Your marketing plan isn'about checking off boxes and making sure you're dutifully providing content for each channel. Your marketing plan supports your larger business strategy and your overall goals.

That said, what kinds of goals do you have in 2012?

- To open a new location?
- To increase the size of your business?
- To find customers in other parts of the world?
- To reach a new vertical - like parents or teachers or hikers?

These kinds of things are your business goals and your marketing plan supports those goals. The tactics you put into place support the strategies you've decided to employ to grow your business.

Here's how the framework operates:

Let's take the first goal as an example -  to open a new location.

Your strategy is - "We're going to open a new location in 2012, and that will increase our business by x percent because we will be able to accommodate x more customers than we could with one location."

Your marketing plan supports this strategy because it's a framework for driving traffic to your new store. You'll be able to add to this framework with marketing tactics like ads in local papers and their web sites, announcements on social networks like Facebook and Twitter, participation in check-in applications like FourSquare, videos, and emails with grand opening specials to your email subscriber base. You can use your marketing calendar to schedule all of these things to provide a strong, consistent flow of traffic to your store. Your calendar provides a framework that supports your overall goals.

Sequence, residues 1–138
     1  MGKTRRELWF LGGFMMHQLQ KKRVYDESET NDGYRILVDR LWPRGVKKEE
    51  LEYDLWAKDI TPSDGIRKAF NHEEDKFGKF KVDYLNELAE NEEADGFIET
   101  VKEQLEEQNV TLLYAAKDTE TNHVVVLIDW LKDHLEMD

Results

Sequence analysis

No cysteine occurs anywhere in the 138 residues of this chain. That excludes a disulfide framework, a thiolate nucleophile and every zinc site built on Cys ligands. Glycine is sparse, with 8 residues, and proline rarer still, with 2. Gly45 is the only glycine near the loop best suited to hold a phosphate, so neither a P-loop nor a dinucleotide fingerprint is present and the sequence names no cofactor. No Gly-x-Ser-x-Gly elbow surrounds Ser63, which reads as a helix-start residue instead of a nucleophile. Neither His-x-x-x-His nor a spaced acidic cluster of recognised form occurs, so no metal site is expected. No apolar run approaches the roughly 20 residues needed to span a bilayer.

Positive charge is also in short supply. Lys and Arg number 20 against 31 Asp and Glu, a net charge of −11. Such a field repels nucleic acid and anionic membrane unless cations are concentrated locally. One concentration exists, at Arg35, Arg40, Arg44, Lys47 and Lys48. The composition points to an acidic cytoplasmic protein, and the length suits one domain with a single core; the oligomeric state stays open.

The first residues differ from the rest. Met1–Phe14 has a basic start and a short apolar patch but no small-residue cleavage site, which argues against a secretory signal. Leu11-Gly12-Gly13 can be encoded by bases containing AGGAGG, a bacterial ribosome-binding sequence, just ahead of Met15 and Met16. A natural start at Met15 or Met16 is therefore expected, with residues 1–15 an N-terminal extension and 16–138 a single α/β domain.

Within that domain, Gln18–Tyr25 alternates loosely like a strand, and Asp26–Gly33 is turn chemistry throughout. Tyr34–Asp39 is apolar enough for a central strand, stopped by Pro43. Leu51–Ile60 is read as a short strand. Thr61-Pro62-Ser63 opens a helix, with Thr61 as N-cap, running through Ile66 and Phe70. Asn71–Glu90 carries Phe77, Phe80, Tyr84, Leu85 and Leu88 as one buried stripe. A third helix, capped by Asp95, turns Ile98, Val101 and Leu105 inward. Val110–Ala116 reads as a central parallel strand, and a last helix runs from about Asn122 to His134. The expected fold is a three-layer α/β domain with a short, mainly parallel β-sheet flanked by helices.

Here's the best part. If you're thinking of a tactic and wondering whether to use it, you can just ask yourself if it supports the business goal you've already identified - in our case today, to open a new location. Tactics that don't support this strategic goal don't belong in our framework.

Need help starting your 2012 Marketing Plan? Drop me a line and let me know. I can help.